Hostas in window boxes

It’s the time of year when I plant up my window boxes. This will be their 3rd summer season, after Mr MBaF very kindly made them for my birthday in 2014. 

The boxes on the dark, north-facing, front of the house have always presented me with a bit of a challenge.
Last year trailing fuschias performed fairly well, particularly outside the upstairs (bedroom) windows, so I’ll be using them again up there. 

But I’m taking a different approach in the darkest spot, outside the living room. 

I’m going for greens. 

I’ve been mulling over trying smaller-leaves hostas in there for a while. The challenge was that I know hostas like to have nice moist, rich, soil. But window boxes are prone to drying out, and already in the box are a couple of ferns, which like a lighter soil (I believe). 

My solution has been to try creating a micro-environment that suits the hostas. So, I cut a deep bottom off two 2 litre plastic milk cartons, filled them with garden compost and manure, and plunged them into position in the boxes. The milk carton bottoms have a rectangular cross-section, which fits perfectly into the window box. 

Then I split one of the smaller hostas from a collection I’ve been growing in a tin bath. Prizing the bugger from the bath was tricky, but splitting it was pretty easy – just a stomp down between the shoots, into the rootball, with my spade. 

I planted the hosta-halves on top of/in the manured milk cartons, topped up with multipurpose compost mixed with garden compost, and hey presto. 

I planted them a week or two ago, before any leaves had burst forth, and they’re already looking great. 


Alongside them are the ferns, trailing nepeta and silvery lamiums – which the bees love if they flower. 

Fingers crossed everyone plays nicely together and I have a verdent, fresh and jungly outlook from my living room all summer!

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Seasonal container

One of this summer’s successes in the garden has been the hostas. 

A flexible copper tape around the planter, and moving their container away from the fence behind, has foiled the slimy critters that previously reduced them to green doilies.

They’ve looked near-perfect all season, and have flowered twice, but now they’re dying off and looking a bit manky.  


Last year I popped a few cyclamen and some velvety silver cineraria in gaps between the died-back hostas in their galvanised bath. But it was bit half-hearted, and look as much.
The container sits on top of a raised well in our front garden, so it’s fairly prominent. When it looks good, that’s great, when it’s a mess, it’s a bit of an embarrassment. 

So, when I spotted the plant stall in  town yesterday I was reminded of some pretty winter containers I’d seen in November’s Gardeners World mag.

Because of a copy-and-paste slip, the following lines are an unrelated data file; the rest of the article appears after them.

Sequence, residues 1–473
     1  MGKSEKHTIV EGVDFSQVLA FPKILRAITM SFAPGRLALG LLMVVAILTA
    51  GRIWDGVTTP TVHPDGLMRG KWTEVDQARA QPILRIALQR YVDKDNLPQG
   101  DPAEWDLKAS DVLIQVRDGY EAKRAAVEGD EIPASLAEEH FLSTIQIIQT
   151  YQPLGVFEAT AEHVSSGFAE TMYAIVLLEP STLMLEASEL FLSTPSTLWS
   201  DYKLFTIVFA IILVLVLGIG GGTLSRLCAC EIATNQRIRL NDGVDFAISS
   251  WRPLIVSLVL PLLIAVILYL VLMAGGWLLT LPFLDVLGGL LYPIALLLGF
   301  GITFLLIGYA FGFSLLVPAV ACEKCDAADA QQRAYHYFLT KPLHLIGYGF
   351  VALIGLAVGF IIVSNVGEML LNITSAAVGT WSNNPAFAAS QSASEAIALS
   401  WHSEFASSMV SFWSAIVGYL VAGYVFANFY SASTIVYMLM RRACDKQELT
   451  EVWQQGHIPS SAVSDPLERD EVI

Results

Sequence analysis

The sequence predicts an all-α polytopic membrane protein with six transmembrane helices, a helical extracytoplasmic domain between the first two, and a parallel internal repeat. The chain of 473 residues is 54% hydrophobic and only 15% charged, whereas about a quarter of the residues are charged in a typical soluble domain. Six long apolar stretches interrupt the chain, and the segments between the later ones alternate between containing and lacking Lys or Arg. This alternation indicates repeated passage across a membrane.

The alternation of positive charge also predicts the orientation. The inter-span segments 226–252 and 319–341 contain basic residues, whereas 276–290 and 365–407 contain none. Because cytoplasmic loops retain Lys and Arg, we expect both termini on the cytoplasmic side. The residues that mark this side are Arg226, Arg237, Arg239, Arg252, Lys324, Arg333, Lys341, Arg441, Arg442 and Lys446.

I grabbed £12 worth of plants: 6 white violas, 2 white cyclamen, 2 solanum (winter cherry?) and a little vibernum. Good value I think!

At home I topped up one of my old apple crate planters with compost and packed them in. 

 

I’m pretty pleased with the result, I’d like to add a little trailing ivy if I spot one. And when I’ve got Mr MBaF handy I’ll get his help to shift the heavy hostas off their perch and pop this one up there instead.

Back to the 1980s

Things finally seem to be moving more quickly in the garden, which is a relief. I’ve been feeling the weeks tick by with growing fear that summer will be over before I know it, with things never really getting going thanks to the cold and wind that have so far made the season disappointing.

But I have renewed hope from seeing the first flowers on my Lychnis coronaria (rose campion). This is a perennial I bought in my first year of making this garden (2013), as a £1.50 seedling from the garden centre. It had one of those little labels with a picture and description of the potential plant, which give only a small clue as to how it’ll turn out in your particular setting and against the rest of the planting.

Since then it’s become a reliable friend. The velvety silver stems stand upright – even up here on windy ridge – and produce simple single blooms of an intense deep pink. With regular deadheading and a bit of feeding it flowers and flowers throughout the summer.

This is the third year of its life in the garden, and the third position it’s tried – right next to my yellow climbing rose. I thought this would create a strong contrast. I was right, and they seem to intensify each other by their proximity. But it’s like a homage to the 1980sin my border, and I’m not sure I like it!

Pink and purple are neighbours on the colour wheel, yet my sunny geum and lavender make a calm and classy combination in the front garden, while the lychnis/rose parnership is eye-poppingly bonkers.

Talking of geums…I have these yellow beauties (Lady strathdene) in my back garden too, and they’re combining well with the first sights of more new blooms: what I think is penstemon plum jerkum, and geranium versicolor
 
In other news, the deep red team of dahlia and japanese acer is looking great in a previously-neglected part of the front garden – especially against the crisp and cool greens of crocosmia foliage and my wonderful hostas.


…which is just an excuse to tell you how bloomin’ chuffed I am that my hostas haven’t yet been munched by slugs and snails. The copper barrier around the pot, and moving it away from the mollusc bridge that is the garden fence, has worked a treat so far.